This class will engage with how we, as moving bodies, relate to music. “Musicality” is a notion that is often associated with classical and 20th century modern dance choreographic and performance practices – describing the way a dancer responds to and interprets the music; here, we will approach ‘musicality’ as a tool for improvisation, entering into dialogue with music.
Beginning with deep listening, we will work with music as a guide and point of reference for the body-mind, giving us material with which to develop movement qualities and expression, perhaps allowing us to move beyond habit and cultivate our own range. Working with musicality can help us find a sense of play in movement and access a sense of ‘kinaesthetic delight’. Melody, rhythm, polyphony, resonance – and silence – will all be explored as a varied breadth of tunes fill the room.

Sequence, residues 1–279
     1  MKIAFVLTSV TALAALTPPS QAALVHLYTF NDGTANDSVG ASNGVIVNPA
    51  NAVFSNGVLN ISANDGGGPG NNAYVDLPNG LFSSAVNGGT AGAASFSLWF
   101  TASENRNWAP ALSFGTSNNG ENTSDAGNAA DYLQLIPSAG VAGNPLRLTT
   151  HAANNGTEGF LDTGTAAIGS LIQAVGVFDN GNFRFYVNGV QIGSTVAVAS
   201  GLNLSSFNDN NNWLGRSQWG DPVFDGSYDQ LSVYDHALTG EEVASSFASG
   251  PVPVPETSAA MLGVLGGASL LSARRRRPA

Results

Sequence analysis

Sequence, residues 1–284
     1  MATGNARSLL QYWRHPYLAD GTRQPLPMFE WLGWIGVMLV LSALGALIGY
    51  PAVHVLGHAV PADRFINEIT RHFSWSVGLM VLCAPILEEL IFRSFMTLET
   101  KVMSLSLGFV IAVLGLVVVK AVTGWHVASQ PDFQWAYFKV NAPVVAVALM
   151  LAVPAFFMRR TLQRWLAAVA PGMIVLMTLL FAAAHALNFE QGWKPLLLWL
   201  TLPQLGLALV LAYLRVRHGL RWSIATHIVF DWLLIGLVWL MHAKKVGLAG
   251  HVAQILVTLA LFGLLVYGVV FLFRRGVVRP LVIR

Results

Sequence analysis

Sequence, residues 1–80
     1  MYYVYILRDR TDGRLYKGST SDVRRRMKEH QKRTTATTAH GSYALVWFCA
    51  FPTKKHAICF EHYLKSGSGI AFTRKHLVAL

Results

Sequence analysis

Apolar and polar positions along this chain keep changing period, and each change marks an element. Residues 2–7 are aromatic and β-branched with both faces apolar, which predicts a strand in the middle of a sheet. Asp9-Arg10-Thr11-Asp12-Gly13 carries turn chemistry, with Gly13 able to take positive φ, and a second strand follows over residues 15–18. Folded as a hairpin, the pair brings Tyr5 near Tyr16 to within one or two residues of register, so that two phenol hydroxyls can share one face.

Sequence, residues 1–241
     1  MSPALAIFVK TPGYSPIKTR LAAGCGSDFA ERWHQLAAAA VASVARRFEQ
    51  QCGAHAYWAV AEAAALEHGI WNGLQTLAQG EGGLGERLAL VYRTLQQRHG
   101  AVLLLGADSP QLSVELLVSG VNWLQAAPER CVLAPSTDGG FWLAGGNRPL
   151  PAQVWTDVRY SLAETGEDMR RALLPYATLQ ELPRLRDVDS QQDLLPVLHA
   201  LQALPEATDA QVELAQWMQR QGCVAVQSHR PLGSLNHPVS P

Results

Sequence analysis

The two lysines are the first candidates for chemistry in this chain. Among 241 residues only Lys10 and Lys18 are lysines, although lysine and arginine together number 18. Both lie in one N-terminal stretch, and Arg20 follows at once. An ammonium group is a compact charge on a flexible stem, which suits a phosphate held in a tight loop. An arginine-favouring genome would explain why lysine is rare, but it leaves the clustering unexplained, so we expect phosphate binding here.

Live music will be provided by Mary Price O’Connor.
Julia Pond is an interdisciplinary, independent dance artist. She has created 3 full-length expanded choreographic works incorporating musicians, which were presented in London, Rome and the U.S., and between 2001-2018 performed and taught the Isadora Duncan technique and repertory internationally. Julia’s fictional company and performance project BRED, has recently been presented at TripSpace’s Make Movement Matter festival and the Calm Down Dear Festival. Julia is a co-initiator of the podcast DanceOutsideDance, featuring interdisciplinary conversations.
As a performer Julia has worked with visual and dance artists including Serena Korda, Julie-Rose Bower, Colleen Bartley, Zorka Wollny, Tina Croll and in Lori Belilove’s Isadora Duncan Dance Company (2001-2005). Teaching credits include Lincoln University, Intercultural Roots, People’s Friendship University Moscow, and others throughout the UK and Europe. She co-organised the Isadora Duncan International Symposium (2014-2018) and has presented her research at TaPRA (2022), Trinity Laban’s Parallax 15 Symposium and Art.Earth’s Borrowed Time Symposium (2021). She holds an MFA Creative Practice (Dance Professional) from Trinity Laban and is currently involved in TECHNE-funded Phd research.